I received this novel from Blogging for Books and NetGalley in exchange for an honest review.

Happy reading ~

Tales of the Lost by Richard Howard

I received this novel from NetGalley as an advanced copy in exchange for an honest review.

I don’t read short stories. I avoid short story collections. Even if my favorite author writes short stories or participates in an anthology, I won’t read it. This isn’t because I think short stories are bad. It’s mostly because I always find that a short story leaves me wanting more, but I never receive it. I’m the kind of person who likes a full-fledged novel that answers all questions and doesn’t leave anything too open-ended. However, short stories pique the interest of the reader but then leave them hanging – and I hate to be left hanging. This has been my opinion for a very long time, and this year, one of my resolutions was to change my negative attitude about different things in my life. As a first step, I requested to read this novel, which is a collection of horror/supernatural short stories. I went in with an open mind, and now that I’ve finished reading, I have been converted!

Tales of the Lost is a book of short stories for adults, that delves into the realm of fantasy with modern-day settings. There are some ghost stories that will send chills down your bones, there are other stories that will instill fear in your heart, and there are yet others that will make you rethink what you know about the world. Regardless of which story it is, you will find yourself exploring the mystical and the otherworldly elements along with each character, and experience loss, love, regret, and wonder.

This being my first attempt at reading a short story collection, I have to say that it was a great experience! Every story is intriguing and packed with something unusual, with characters that you can live vicariously through, and supernatural elements that you could never have dreamed of. There weer so many myths and legends and ghost tales that were brought into this collection, and it was just great to read so many different stories about them all! I actually enjoyed the cliffhanger feeling that each story left me off with because it made me go through a rollercoaster of emotions, and culminated in a dramatic ending that made me literally go “woah”! Some of the longer stories could have used some more transition elements but other than that, I really enjoyed everything I read! Overall, this was a great experience for me, and I cannot wait to read more short stories!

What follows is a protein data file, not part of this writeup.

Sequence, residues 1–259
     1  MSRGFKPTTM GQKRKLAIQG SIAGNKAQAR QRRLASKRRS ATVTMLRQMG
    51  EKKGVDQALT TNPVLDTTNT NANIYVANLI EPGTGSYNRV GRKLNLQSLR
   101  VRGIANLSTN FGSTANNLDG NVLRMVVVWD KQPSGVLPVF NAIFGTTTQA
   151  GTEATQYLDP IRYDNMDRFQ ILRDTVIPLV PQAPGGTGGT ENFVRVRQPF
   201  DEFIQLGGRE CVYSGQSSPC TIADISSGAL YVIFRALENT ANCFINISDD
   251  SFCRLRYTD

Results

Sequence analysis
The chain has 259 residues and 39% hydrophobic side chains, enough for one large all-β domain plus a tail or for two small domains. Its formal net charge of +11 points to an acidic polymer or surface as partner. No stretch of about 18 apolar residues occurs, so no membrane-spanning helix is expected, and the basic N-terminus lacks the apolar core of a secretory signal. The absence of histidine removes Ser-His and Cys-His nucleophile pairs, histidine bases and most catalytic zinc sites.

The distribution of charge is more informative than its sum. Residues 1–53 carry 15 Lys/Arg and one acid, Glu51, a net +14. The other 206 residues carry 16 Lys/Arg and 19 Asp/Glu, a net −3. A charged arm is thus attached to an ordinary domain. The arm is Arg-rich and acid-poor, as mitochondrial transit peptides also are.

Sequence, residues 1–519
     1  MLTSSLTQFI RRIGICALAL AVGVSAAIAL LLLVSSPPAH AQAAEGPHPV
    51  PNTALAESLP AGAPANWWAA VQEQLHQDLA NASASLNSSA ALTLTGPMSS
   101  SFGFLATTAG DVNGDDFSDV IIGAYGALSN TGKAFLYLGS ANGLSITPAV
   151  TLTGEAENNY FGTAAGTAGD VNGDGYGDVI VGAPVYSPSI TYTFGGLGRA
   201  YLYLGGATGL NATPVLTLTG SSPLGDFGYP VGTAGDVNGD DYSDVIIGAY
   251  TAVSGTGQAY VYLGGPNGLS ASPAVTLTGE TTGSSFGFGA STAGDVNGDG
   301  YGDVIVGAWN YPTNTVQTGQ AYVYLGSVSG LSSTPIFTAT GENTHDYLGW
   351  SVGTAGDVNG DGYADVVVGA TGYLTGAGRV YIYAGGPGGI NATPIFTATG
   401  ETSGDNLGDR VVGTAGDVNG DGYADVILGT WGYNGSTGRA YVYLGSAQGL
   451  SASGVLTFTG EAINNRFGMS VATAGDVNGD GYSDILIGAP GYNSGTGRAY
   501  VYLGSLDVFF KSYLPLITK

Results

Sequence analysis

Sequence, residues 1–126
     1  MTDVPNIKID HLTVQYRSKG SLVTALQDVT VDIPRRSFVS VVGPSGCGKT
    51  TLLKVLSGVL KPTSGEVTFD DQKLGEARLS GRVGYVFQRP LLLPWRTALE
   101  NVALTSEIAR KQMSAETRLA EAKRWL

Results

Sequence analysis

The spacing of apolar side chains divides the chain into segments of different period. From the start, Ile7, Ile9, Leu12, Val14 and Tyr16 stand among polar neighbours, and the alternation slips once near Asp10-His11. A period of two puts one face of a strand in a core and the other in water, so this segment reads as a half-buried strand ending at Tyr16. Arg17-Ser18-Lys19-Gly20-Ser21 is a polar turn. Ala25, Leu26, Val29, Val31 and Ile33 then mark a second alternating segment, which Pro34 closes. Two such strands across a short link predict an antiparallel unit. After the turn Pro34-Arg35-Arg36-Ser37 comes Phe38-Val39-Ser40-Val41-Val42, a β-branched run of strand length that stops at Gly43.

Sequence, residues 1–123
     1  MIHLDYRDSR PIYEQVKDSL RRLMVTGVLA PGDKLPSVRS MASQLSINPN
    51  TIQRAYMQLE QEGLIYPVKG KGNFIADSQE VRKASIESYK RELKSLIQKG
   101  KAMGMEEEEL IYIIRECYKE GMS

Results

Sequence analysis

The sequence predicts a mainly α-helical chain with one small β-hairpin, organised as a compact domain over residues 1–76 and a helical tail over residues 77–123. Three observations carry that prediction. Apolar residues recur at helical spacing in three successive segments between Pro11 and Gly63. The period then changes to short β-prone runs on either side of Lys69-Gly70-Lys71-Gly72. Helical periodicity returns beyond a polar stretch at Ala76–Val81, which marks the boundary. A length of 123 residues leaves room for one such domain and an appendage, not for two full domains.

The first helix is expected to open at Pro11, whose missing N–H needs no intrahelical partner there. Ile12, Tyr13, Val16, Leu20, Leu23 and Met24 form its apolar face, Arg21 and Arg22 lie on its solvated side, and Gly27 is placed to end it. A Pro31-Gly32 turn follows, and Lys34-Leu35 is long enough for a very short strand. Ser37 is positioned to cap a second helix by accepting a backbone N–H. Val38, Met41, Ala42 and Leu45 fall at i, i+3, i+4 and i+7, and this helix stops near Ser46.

Happy reading ~

Rebel of the Sands by Alwyn Hamilton

Lately, there have been a lot of YA fiction that has caught my eye. There are times when I go through a phase where all I read are YA novels, or only adult fiction. I’ve tried to stay away from that and read some of everything, but this also means that I don’t always get to the newest and hottest books in time. This novel has been getting a lot of attention but I’ve been putting it off for a while now, and I’ve just made time for it. All I can say is that I wish I had read it sooner!

Mortals may rule the desert nation of Miraji, but mystical beasts still roam the wasteland that surrounds it. There are even rumors that djinni still practice their ancient and powrful magic. But the town of Dustwalk, where Amani lives, is as ordinary as life can be – and Amani can’t wait to leave it. In a world where the fate of a woman is to wind up “wed or dead”, Amani is counting on her skills with a gun to gain her passage out of Dustwalk. When she meets Jin, a mysterious foreigner, in a shooting contest, she had no idea that he would provide her with the perfect chance to escape. But it is only when she leaves on a mythical horse, with the murderous Sultan’s army chasing her and Jin, that she realizes that the desert she thought she knew is not all it seems.

This novel had me spellbound from the start. I loved the mythical world that this story is set in. I recognized many of the elements from Arabian stories that I grew up hearing as a child, so it was wonderful to see it incorporated so well here. Amani is a force to be reckoned with, and she is a heroine that I was proud of. She never got caught up in the romance, and she followed her heart throughout the journey. My only wish was for the novel to be longer so I could continue to enjoy the story! This novel also had a Western element, with its shooting game and saloons and there was a bit of a cowboy vibe during the journey. My interest in Western novels is just beginning to grow so  I quite enjoyed that aspect. All in all, I can see why this book has generated so much of a buzz! I am excited to say that there is a sequel and I cannot wait to read it!

Happy reading ~